The same stretch of road / conditions compares like with like conditions but probably doesn't see a very wide range of conditions. The problem might not occur during some conditions. I'd test under the same conditions but also test under a wider range of conditions. For example you might be able to pull over and let it idle for a while beside that stretch of road, then set off and accelerate quickly putting the engine under boost loads.

Member
Joined:
Posts: 720

P73990: I was simply assuming running steadily on the flat .... with a warm engine; Too many (other) variables to complicate matters otherwise !

Member
Joined:
Posts: 57

I will try to remember to get those traces tomorrow evening on my way home. I was starting to think I should include rpm or load on some of these traces just for reference. 6 months from now they wont mean much to me if I cant remember what the conditions were.
I have a couple of dumb questions for to gain some more understanding
1 I have read on other posts where guys have said they changed some o2 sensors and that solved the problem. Claiming they were old and probably reacting slower than they should. Rate of response, I think was the term. Is this possible? ie reading lower and/or slower. I need a little more than someone's parts cannon to go down that rabbit hole.
2 Relating to question1 If I understand this right, disconnecting an o2 sensor should cause the ecu to go into some sort of safe mixture/map mode (open loop??? using cold mixture settings). Would this then be visible on the ignition timing, injector pulse width, fuel pressure, etc. traces for comparison. And also visibly on the plugs as a richer setting?

Member
Joined:
Posts: 57

So i read something about oiled kK&N air filters fouling MAF sensors. Since the air filter i just replaced was of this type. I cleaned the MAF with rubbing alcohol and went for a rip. Logged it from the end of my driveway. Engine was already up to min temp when i started logging. I goofed and logged both the equivalence ratios but missed fuel pressure.
File is a pdf, may give you a better look. Sometimes this works but not always. If this format is preferred let me know. Ignore anything left of 0, Im not sure why my tool does this.
(https://drive.google.com/file/d/1sfPyjiuMdKU2PkrXWmU0sauC6JpkwDGj/view?usp=sharing)

Member
Joined:
Posts: 1345

The format is good thanks. I have one browser tab open showing the definitions/scales, another tab open for scrolling sideways through the data (just looking at the top chart which shows all the fields).

Both traces (before cleaning the MAF and after) are very similar.

The long term trims are generally high positive but the short term trims are not far from zero. If we had a high positive trim at a certain engine load (when running closed loop) with a high positive short term trim and with equivalence ratio holding above 1 it would point to a lean problem at that engine load but we're not seeing that. The engine seems to be getting correct mixture during all closed loop conditions and mixture goes suitably rich during high load conditions (like it's supposed to).

Like I said early in one of my early posts on this thread, supercharged Rangerovers can throw a few codes for mixture if/after fuel trims have been reset (and you said you reset fuel trims?). If the code doesn't recur it could be that you've done enough drive cycles with various engine loads for fuel trims to have been relearned... No codes because mixture doesn't hang lean for long enough to produce an error code now because trims have been relearned.

If code(s) do recur I'd expect it would be because Ltft's (particularly bank1 Ltft) is quite high peaking at around 17%. If I remember correctly most SC RR's I've worked on have Ltft's of around 7%. There could be various reasons / faults causing consistently high Ltft's including under-reading Maf (yes they can be contaminated with oil / dust from air filters etc, or can just go bad with age and use). Can probably rule out a vacuum leak because trims are around the same at low engine loads (when there's most vacuum and a vacuum leak would be most revealing in terms of trims) as they are at higher engine loads (when a vacuum leak wouldn't make much difference), though that still doesn't disprove a none-vacuum false air leak (a leak in ducting between the Maf and throttle body), a leak there would see high trims across all engine loads. There could be a problem with the fuel pressure sensor, if that were to read above actual pressure the effects would be to both reduce petrol injector pulse lengths and cause the fuel pump system to deliver lower than normal fuel pressure. What fuel is in the tank (high ethanol content etc)? High ethanol content fuel has a different stochiometric ratio to normal petrol (it needs a different amount of air to burn the same weight of fuel) which can be reflected in fuel trims. But I think at this point I'd be wanting to try a new Maf on it.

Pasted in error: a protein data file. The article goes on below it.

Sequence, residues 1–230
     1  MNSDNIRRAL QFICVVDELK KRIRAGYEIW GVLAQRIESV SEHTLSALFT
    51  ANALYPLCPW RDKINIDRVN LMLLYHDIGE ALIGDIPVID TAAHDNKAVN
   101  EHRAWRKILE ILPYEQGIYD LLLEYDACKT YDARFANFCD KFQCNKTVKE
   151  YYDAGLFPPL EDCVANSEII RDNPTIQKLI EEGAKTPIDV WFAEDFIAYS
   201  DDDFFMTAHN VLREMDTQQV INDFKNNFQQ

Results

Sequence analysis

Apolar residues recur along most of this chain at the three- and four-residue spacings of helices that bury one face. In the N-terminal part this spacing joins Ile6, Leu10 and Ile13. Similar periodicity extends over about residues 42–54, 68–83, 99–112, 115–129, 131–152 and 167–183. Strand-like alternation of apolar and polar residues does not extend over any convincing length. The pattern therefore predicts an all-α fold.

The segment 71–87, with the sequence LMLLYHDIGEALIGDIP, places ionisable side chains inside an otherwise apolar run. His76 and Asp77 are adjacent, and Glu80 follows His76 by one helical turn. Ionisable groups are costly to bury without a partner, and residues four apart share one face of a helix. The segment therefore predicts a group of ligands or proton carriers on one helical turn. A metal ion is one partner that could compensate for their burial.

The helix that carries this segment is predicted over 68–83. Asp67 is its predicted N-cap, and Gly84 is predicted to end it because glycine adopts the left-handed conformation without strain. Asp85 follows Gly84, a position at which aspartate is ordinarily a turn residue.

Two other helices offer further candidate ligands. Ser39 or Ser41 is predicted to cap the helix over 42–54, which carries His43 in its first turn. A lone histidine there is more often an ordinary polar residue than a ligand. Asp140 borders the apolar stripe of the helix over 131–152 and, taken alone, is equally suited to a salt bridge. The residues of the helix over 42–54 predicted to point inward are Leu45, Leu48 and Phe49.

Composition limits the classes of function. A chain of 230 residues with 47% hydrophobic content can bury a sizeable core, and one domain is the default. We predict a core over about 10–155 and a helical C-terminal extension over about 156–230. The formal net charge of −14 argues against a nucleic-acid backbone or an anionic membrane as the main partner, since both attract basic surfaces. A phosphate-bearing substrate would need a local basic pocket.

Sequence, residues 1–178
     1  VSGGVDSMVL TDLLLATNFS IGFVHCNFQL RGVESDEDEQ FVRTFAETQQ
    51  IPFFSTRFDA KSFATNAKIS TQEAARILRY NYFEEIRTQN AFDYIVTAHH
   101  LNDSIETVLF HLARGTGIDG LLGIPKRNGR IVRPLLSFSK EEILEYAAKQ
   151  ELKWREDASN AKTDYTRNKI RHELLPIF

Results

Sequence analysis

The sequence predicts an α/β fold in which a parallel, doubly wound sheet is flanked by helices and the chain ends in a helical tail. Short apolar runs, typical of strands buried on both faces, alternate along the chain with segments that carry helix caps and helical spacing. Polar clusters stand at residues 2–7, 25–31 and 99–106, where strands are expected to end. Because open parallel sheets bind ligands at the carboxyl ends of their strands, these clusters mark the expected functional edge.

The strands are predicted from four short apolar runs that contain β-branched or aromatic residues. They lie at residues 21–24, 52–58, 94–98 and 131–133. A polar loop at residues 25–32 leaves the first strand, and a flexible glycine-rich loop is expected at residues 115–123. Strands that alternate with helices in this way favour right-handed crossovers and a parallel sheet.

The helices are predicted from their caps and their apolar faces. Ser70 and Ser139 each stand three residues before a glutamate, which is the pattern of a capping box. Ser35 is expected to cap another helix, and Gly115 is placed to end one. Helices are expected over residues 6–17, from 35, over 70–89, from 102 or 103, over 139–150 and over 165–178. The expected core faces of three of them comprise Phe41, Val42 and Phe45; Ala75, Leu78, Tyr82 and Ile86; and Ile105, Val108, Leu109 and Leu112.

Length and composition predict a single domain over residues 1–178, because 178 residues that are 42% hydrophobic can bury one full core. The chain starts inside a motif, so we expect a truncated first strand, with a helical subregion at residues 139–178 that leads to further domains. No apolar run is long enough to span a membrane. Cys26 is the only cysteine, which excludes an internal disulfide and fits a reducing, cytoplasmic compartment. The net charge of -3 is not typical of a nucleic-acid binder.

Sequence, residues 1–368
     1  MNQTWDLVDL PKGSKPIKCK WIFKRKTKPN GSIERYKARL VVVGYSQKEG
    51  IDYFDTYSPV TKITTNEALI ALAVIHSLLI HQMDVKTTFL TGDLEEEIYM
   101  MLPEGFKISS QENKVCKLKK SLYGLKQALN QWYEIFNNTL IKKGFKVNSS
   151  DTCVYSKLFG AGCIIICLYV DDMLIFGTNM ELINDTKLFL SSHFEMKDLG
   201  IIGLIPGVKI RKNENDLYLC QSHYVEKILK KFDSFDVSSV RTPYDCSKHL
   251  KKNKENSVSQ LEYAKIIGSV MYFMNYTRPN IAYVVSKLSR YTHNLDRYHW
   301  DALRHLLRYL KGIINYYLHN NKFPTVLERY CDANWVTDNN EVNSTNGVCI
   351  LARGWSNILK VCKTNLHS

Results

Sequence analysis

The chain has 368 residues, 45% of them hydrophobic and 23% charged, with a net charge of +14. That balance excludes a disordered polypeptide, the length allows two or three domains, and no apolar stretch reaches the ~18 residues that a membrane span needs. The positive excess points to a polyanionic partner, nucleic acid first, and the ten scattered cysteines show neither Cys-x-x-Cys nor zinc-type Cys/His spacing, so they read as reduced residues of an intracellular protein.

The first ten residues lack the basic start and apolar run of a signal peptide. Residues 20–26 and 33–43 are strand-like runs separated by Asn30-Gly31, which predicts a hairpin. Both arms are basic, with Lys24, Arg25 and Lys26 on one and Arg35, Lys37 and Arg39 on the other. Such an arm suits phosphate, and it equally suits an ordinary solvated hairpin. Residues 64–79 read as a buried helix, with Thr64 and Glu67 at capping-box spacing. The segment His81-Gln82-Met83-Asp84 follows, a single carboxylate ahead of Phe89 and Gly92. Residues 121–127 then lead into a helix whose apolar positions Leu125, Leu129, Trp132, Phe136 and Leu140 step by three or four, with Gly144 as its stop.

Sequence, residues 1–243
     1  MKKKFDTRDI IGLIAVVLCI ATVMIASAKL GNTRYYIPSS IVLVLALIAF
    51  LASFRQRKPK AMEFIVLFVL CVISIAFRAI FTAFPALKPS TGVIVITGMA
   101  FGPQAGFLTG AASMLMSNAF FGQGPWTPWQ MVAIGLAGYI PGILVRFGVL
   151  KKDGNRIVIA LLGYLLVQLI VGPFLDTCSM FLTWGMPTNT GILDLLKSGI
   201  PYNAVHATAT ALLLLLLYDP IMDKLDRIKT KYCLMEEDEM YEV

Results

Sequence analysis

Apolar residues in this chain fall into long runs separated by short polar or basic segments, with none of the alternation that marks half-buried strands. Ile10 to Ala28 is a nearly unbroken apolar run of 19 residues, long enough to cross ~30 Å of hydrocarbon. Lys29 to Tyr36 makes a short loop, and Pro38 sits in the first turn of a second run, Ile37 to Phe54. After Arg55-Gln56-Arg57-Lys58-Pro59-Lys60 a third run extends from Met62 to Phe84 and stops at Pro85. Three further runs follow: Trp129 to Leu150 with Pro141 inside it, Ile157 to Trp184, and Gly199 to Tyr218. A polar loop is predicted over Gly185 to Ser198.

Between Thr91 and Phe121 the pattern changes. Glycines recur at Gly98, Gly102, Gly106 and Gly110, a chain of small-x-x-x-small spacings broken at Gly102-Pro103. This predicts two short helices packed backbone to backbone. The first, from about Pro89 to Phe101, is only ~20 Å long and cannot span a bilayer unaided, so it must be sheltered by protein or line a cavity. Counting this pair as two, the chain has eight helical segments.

Member
Joined:
Posts: 57

Lpgc
Here are the logs you suggested. I let it idle for about 5 min and then drove at different speeds with a few hills for good measure and without cruise.
(https://drive.google.com/file/d/1gGn3xlvCLwtCL9uyUvxO9MzXJwXfzEQN/view?usp=sharing)

I also did a maf log as well for interest.
(https://drive.google.com/file/d/1pqW-K7w2iJvczzIjGXKTnL55ou48j3JZ/view?usp=sharing)

Member
Joined:
Posts: 57

So I spent the day attempting to get to my fuel filter. And found a few interesting things. I must have gotten a good one not built on a Mon or Fri. My fuel filter had the manufactures seal still on the access holes on both sides. I also found that there are 2 wires on the bottom of the filter that when disconnected turn set the fuel gauge to empty. Both wires appear to be isolated from each other. I wonder if there is a switch in the filter that sets the gauge to empty if the filter becomes plugged.
I also found a date on my MAF sensor and it is the original made in Germany part with an 08 year on it.
pics of filters
(https://drive.google.com/file/d/1TXxgCue4pR6VzLQmewZq4vhQObIEQxL7/view?usp=sharing)
(https://drive.google.com/file/d/1-7LMmQKjOyW43gWkgqMW-r8PT-R4XQAy/view?usp=sharing)

Member
Joined:
Posts: 57

And to top it all off. I THINK WE HAVE SUCCESS.